The Full Recovery model uses database backups and transaction log backups to provide complete protection against media failure. If one or more data files is damaged, media recovery can restore all committed transactions. In-process transactions are rolled back.
Full Recovery provides the ability to recover the database to the point of failure or to a specific point in time. To guarantee this degree of recoverability, all operations, including bulk operations such as SELECT INTO, CREATE INDEX, and bulk loading data, are fully logged.
The backup strategy for full recovery consists of:
- Database backups.
- Differential backups (optional).
- Transaction log backups.
- Full and bulk-logged recovery are similar and many users of the Full Recovery model will use the Bulk-Logged model on occasion. For more information, see Bulk-Logged Recovery.
Recovering in the Event of Media Failure
You can restore a database to the state it was in at the point of failure if the current transaction log file for the database is available and undamaged. To restore the database to the point of failure:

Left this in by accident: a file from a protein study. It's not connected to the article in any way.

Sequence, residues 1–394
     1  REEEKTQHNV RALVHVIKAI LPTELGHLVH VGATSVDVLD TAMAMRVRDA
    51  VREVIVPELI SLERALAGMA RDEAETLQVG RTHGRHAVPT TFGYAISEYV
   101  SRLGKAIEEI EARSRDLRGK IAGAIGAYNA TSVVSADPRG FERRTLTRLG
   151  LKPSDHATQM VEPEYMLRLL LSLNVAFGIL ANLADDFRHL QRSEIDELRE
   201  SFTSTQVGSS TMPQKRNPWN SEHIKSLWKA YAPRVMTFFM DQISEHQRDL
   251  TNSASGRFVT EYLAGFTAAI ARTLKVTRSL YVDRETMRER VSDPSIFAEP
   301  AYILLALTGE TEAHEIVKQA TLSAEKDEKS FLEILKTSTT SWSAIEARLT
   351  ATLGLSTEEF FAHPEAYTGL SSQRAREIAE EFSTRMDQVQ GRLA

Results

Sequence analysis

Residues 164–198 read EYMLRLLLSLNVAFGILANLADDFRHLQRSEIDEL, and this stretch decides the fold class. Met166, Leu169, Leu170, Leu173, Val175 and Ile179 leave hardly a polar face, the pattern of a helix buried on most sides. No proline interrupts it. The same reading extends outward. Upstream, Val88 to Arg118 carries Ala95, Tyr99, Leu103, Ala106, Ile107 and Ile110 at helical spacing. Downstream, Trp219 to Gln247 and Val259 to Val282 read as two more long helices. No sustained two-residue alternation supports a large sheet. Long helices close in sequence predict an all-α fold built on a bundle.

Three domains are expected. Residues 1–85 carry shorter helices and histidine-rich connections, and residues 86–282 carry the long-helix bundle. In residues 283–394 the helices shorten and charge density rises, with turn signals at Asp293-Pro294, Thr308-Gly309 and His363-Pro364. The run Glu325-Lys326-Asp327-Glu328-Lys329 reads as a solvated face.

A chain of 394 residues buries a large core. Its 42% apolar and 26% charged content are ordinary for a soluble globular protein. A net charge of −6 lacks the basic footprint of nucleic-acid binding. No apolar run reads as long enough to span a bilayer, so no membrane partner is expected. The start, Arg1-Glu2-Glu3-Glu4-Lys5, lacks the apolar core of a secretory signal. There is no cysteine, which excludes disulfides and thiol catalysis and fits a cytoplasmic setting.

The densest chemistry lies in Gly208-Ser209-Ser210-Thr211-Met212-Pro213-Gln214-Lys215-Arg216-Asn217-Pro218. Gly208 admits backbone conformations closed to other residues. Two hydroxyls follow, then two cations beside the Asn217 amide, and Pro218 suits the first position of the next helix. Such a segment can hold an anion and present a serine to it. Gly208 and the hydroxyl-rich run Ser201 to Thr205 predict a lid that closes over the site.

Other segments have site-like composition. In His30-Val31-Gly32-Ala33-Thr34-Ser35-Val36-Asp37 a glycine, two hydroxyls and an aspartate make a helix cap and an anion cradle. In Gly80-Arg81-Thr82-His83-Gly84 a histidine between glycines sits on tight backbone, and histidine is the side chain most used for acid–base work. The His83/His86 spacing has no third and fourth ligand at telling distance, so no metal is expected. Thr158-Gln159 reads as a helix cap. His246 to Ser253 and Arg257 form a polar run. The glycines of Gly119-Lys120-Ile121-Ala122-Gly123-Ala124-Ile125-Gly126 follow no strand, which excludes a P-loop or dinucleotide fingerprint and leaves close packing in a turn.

- Back up the currently active transaction log. For more information, see Transaction Log Backups.
- Restore the most recent database backup without recovering the database.
- If differential backups exist, restore the most recent one.
- Restore each transaction log backup created since the database or differential backup in the same sequence in which they were created without recovering the database.
- Apply the most recent log backup (created in Step 1), and recover the database.
Important To protect against loss of transactions under the Full Recovery model, the transaction log must be protected against damage. It is strongly recommended that fault-tolerant disk storage be used for the transaction log.
To create a database backup
To restore a database backup
To create a differential database backup
To restore a differential database backup